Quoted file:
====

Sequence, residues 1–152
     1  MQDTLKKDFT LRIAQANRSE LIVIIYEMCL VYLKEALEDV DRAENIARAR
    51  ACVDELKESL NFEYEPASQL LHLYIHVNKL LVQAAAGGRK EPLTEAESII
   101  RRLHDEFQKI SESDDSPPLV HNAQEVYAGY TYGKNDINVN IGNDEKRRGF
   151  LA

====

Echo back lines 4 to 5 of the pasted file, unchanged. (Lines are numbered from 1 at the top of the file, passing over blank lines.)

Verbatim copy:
   101  RRLHDEFQKI SESDDSPPLV HNAQEVYAGY TYGKNDINVN IGNDEKRRGF
   151  LA